Thus we may see that it was love which brought the Savjour into this world of sin and sorrow; it was love which warmed his heart with pity for sinners ; it was love which engaged him to oppose the religion of those who taught for doctrine the traditions of men, and who trusted in themselves that they were righteous while they despised others; it was love that moved him to teach openly in the synagogues of the Jews, although he knew they went about to kill him. It was this eternal principle of brotherly love which fired his soul with zeal divine, to proclaim the acceptable year of the Lord, granting liberty to captives, and the opening of the prison doors to them who were bound. It was love which caused him to submit to the railings and persecutions of the contumacious, and to seek the salvation of his eneinies. It was love to his brethren of the human family which enabled him to endure the cross for us, and despise the shame. It was love which was stronger than death, which many waters could not quench, neither floods drown, which triumphed in his dying breath, and enabled him to look with compassion on his murderers and persecutors, crying, “Father, forgive them, for they know not what they do." These, my brethren and friends, are some of the glorious effects of brotherly love, and it will be easy to discover that they all correspond with their antecedent cause; to wit, the nature of the first principle, God. We have before seen that love is universal ; like the sun, it emits its rays in every direction; and we may here see that its effects are so likewise. If those works of love, of which we have been speaking, were done for all men, as the holy scriptures positively declare,' then they agree with the nature of love, according to that wisdom which is from above, which is without partiality : but if it could be proved that the works of love and grace, done by Christ for sinners, were done but for a few of those who need his mercy, would it not be a sufficient proof that he did not love so extensively as the existence of those moral principies which in themselves are divinely lovely ? And would not such a supposition be attended with another completely destructive of the system of divine revelation ? Most certainly it would ; for then all those positive testimonies of the Mediator's giving himself a ranson for all, tasting death for every man, giving himself to be the propitiation for the sins of the whole world, &c. would be void of truth and unworthy of trust. For who can put trust or confidence in any system, if its most plain and positive assertions do not mean as they say? It is an establishod law of nature that the same causes, all circumstances alike, must always produce the same effects; and therefore it must be granted that this established law will always keep every effect in perfect conformity to the cause that producedit. From the foregoing premises we may rationally con. cludė, that, if Jesus loved only a few of mankind, he died only for that few; but if he loved many, he died for many ; and if he loved all, then it is no more than reasonable to believe that he "gave himself a ransom for all,yea, tasted death for every man,” according to the scriptures : and in believing this, we only believe that the effect corresponds with its cause.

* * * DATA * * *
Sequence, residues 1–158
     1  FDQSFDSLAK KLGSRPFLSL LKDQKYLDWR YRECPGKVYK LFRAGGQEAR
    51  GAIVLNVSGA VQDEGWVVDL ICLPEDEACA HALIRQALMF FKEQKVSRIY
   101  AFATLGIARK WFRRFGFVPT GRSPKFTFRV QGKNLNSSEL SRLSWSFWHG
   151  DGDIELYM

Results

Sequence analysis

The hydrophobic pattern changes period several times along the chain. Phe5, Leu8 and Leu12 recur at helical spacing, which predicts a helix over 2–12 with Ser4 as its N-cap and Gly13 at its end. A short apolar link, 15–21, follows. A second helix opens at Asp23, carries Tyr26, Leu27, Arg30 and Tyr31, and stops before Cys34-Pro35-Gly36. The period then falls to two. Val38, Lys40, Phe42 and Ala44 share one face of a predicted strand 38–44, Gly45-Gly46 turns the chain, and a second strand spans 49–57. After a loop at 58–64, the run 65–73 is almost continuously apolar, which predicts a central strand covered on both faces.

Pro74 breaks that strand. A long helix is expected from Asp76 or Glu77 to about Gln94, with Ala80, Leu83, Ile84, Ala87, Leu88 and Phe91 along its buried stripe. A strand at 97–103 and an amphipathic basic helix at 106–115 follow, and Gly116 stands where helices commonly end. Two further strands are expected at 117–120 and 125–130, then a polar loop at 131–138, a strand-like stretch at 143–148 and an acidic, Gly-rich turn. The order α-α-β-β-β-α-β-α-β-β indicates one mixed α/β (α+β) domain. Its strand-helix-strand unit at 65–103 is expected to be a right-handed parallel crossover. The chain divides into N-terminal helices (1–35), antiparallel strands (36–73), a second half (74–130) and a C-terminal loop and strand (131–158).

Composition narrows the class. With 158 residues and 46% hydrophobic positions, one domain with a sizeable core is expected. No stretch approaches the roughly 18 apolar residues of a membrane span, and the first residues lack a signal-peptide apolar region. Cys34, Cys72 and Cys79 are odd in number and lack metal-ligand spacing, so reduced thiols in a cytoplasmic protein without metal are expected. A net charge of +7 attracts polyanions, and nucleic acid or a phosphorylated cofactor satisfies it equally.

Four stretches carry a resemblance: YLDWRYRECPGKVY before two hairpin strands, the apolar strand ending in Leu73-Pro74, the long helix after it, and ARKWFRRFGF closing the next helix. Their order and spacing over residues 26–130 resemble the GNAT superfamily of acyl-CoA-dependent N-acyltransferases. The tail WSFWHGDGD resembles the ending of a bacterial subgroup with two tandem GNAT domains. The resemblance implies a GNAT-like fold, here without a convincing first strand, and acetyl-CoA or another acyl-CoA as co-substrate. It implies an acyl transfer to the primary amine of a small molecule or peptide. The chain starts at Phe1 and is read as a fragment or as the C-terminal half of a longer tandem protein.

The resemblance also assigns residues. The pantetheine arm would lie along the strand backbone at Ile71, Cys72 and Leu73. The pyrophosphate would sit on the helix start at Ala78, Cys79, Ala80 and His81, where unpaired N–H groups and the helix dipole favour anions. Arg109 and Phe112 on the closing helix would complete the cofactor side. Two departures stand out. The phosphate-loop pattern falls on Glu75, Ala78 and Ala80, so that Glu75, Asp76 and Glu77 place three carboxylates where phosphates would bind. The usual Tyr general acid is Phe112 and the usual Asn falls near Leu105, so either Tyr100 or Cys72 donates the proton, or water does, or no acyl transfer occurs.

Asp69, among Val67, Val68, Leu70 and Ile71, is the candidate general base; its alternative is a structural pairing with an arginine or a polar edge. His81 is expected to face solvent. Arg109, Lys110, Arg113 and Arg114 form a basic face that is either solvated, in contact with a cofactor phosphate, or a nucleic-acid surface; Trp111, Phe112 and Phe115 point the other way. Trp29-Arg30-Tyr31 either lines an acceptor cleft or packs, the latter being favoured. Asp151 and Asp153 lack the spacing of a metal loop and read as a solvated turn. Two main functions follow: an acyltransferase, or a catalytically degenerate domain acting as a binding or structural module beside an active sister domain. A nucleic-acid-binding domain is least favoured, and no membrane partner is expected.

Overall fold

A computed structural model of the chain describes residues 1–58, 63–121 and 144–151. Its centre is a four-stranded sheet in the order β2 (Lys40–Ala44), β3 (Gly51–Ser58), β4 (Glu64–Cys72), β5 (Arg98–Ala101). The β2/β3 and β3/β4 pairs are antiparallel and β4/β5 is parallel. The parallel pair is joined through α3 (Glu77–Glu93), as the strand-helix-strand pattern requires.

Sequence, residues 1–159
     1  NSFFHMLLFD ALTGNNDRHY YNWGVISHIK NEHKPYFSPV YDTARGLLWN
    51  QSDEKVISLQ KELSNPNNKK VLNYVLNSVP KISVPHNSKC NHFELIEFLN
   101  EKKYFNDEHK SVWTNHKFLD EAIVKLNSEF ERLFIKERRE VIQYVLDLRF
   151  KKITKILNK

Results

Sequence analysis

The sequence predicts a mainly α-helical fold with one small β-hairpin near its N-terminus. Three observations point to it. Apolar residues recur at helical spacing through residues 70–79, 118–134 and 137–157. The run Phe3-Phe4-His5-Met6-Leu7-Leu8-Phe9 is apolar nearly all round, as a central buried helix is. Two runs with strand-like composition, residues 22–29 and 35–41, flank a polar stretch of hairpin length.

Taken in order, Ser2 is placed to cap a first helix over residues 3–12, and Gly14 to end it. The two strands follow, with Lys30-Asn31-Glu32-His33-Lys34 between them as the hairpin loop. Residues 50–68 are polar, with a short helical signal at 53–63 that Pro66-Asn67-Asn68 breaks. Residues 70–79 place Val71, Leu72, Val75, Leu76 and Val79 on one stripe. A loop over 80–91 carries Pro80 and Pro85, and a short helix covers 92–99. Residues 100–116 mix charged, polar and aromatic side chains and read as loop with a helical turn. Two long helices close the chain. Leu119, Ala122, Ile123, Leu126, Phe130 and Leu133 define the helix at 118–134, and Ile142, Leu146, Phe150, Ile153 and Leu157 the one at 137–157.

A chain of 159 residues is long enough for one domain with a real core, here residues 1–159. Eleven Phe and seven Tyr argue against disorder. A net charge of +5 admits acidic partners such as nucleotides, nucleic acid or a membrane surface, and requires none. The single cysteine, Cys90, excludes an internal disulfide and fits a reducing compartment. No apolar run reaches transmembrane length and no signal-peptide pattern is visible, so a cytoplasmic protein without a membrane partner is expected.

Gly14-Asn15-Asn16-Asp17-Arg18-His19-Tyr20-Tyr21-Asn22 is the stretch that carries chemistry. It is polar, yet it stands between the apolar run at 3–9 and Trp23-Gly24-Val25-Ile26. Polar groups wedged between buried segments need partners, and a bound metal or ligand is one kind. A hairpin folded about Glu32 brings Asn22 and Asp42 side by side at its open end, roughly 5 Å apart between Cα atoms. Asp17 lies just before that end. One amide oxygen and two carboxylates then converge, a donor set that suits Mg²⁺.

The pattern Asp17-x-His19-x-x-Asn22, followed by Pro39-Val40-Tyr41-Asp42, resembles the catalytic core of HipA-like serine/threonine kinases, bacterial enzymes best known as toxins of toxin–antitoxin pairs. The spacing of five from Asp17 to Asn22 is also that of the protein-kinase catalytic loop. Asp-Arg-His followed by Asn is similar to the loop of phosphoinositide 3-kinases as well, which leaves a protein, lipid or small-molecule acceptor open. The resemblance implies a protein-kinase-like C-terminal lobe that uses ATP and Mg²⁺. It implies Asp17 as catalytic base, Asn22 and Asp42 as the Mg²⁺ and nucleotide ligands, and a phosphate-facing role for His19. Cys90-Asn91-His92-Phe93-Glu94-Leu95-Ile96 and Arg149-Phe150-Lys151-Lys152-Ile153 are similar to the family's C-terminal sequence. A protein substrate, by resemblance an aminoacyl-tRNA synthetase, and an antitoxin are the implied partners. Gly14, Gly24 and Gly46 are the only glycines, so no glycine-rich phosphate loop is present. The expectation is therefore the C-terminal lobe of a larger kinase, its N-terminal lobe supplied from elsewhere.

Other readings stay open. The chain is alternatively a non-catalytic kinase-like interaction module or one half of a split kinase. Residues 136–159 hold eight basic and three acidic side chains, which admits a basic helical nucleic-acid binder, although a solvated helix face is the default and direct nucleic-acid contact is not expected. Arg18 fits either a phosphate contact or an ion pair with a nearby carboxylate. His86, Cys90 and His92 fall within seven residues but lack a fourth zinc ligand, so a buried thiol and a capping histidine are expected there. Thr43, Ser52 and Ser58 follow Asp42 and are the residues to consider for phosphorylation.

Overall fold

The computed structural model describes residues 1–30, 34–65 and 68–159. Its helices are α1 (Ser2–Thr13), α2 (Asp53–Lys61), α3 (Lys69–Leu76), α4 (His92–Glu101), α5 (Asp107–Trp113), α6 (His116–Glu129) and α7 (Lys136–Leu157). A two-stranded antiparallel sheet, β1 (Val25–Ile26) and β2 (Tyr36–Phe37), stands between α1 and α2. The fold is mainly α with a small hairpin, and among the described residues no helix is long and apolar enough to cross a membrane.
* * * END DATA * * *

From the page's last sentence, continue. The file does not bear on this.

O my fellow sinners! Let me entreat you to take one af. fectionate look at that blessed cross ; and there behold, by an eye of faith, our blessed Saviour in his labors of love! See him in the travail of his soul for us! Behold his bleeding hands of mercy extended to a thief on the right hand and on the left ! See his soul in anguish, fraught with the keenest sensations of love and grief, patiently bearing the rage